A: You must file an action for eviction pursuant to the Landlord Tenant Act which is found in Chapter 83 Florida Statutes. You will have to file a 3-day notice of demand for rent first and then if they do not pay you will need to file an eviction lawsuit. Note that due to Covid-19 pandemic the Governor has put a moratorium on eviction actions for unpaid rent. You should consult a Florida licensed attorney regarding your particular circumstances.
Q: There is a situation on the Board of Directors of our Condo Association. One member of our Board of Directors has sold his condo in our community and, therefore, is no longer an owner. Is he eligible to continue to be a Board member as a non-owner? Also, as a non-owner, is he eligible to attend and participate in an Owners Only meeting?
C.R., Marco Island
A: The Condominium Act (Chapter 718 Florida Statutes), the HOA Act (Chapter 720 Florida Statutes) and the Cooperative Act (Chapter 719 Florida Statutes) do not require that to be eligible to serve on the Board of Directors the person must be an Owner. However, most, but not all, governing documents do impose this requirement. So, if your governing document do not require that Directors be Owners the person is eligible assuming he or she meets the other Statutory requirements. i.e. Not a convicted felon, at least 18 years old, not indebted to the Association and not under inditement by the Division of Condominiums. If your documents do impose ownership as requirement to serve on the Board then the person is not eligible. Generally, a non-owner is not entitled to attend Board or membership meetings without the permission of the Board. However, if the person is a Director and ownership is not a requirement to be a Director the person in their capacity as a Director would be entitled to attend such meetings.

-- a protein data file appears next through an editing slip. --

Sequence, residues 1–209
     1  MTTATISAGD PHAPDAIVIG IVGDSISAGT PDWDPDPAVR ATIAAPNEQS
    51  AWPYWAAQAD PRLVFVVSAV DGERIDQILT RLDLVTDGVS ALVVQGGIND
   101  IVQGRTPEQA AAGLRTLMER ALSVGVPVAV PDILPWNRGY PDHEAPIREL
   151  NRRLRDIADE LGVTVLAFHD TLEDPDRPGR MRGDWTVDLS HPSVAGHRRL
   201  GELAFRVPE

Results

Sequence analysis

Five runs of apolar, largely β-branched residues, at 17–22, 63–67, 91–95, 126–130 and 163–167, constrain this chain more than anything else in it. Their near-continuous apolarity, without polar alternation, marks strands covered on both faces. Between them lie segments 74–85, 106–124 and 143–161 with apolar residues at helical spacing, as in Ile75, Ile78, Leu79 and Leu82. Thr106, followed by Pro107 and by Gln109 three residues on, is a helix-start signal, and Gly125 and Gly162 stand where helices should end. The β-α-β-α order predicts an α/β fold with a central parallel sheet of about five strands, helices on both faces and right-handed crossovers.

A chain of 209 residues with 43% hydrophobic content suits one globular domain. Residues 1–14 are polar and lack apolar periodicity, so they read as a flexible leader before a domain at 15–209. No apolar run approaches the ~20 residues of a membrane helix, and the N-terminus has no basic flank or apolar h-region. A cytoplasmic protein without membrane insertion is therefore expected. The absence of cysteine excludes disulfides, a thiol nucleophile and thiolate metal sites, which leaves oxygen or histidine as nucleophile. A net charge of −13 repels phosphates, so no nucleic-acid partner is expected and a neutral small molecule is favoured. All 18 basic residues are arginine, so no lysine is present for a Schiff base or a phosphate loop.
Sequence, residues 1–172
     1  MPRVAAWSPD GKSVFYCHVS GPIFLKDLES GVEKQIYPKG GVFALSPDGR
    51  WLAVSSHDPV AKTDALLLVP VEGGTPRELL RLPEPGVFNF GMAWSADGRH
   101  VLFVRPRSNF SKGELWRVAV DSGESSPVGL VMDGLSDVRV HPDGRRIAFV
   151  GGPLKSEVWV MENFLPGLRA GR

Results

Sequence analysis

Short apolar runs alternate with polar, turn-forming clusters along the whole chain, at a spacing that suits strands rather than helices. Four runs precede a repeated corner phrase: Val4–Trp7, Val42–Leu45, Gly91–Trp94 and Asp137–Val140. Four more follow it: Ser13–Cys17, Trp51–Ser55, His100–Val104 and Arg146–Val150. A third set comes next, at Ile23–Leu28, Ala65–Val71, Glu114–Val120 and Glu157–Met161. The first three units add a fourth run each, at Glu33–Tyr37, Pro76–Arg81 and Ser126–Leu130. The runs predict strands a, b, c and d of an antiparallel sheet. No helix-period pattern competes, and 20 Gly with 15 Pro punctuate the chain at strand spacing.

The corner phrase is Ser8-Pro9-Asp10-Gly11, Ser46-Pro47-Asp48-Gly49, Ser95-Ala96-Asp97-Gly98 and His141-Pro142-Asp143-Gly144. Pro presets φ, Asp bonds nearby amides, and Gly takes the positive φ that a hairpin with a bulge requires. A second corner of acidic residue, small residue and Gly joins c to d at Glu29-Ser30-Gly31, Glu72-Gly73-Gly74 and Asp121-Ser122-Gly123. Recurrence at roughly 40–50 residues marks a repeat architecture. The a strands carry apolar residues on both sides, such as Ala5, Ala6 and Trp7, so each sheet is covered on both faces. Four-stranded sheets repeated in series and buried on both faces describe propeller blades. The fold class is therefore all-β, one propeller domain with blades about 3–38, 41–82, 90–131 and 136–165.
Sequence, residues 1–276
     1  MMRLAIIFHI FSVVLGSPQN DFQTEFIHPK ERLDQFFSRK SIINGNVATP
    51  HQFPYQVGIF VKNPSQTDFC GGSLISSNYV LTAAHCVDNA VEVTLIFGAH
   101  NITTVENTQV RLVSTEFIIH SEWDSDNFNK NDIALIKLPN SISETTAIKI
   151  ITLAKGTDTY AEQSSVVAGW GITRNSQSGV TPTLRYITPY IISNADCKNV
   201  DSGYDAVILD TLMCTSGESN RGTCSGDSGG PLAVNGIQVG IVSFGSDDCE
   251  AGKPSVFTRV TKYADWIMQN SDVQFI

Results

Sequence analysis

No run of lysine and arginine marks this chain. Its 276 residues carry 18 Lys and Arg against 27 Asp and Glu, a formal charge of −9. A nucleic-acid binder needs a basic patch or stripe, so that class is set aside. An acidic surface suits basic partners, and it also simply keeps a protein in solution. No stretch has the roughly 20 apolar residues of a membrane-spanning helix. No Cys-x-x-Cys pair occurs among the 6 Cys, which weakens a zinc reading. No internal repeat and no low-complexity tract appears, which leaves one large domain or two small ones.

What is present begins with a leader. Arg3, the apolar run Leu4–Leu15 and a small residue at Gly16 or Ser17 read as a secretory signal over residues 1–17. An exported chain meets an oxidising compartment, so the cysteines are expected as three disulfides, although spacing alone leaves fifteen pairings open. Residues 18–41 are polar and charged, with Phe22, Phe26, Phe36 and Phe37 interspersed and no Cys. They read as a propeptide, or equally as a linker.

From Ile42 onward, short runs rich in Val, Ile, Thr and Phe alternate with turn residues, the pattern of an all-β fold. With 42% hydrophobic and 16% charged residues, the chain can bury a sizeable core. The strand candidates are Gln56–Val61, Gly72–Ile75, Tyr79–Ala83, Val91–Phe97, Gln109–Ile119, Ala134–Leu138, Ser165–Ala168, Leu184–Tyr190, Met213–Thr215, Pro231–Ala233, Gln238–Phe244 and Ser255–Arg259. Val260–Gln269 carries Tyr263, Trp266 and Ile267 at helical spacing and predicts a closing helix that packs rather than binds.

Q: Our Master Association governing board for our multi-faceted community rebuilt our community pool with a sunledge. It is permissible to build a sunledge in a community pool, but no furniture or tethered flotation may be installed which creates a code violation due to health issues. Therefore, at great cost, this work was installed but cannot be used as intended. Placing furniture on a sunledge is a great way to read a book with a mudslide to sip but because we are a community, we cannot due to code restrictions. How can this be unraveled?
A: I am not familiar with the particular Code you are referencing but you have used the word “installed” with regard to chairs on the sunledge. If that is the actual term used in the Code, it would seem to mean “affixed” or “attached” as opposed to placing a chair on the sunledge that is not permanently affixed to it. So, I recommend you review the Code to see if this is the case. However, if the Code does prohibit temporary placement of chairs on the sunledge I do not think you can do much about it without risking a code violation if someone were to report it.
Richard D. DeBoest II, Esq., is co-founder and shareholder of the Law firm Goede, Adamczyk, DeBoest & Cross, PLLC. Visit www.gadclaw.com, or to ask questions about your issues for future columns, kindly send your inquiry to: firstname.lastname@example.org. The information provided herein is for informational purposes only and should not be construed as legal advice. The publication of this article does not create an attorney-client relationship between the reader and Goede, Adamczyk, DeBoest & Cross, PLLC, or any of our attorneys. Readers should not act or refrain from acting based upon the information contained in this article without first contacting an attorney, if you have questions about any of the issues raised herein. The hiring of an attorney is a decision that should not be based solely on advertisements or this column.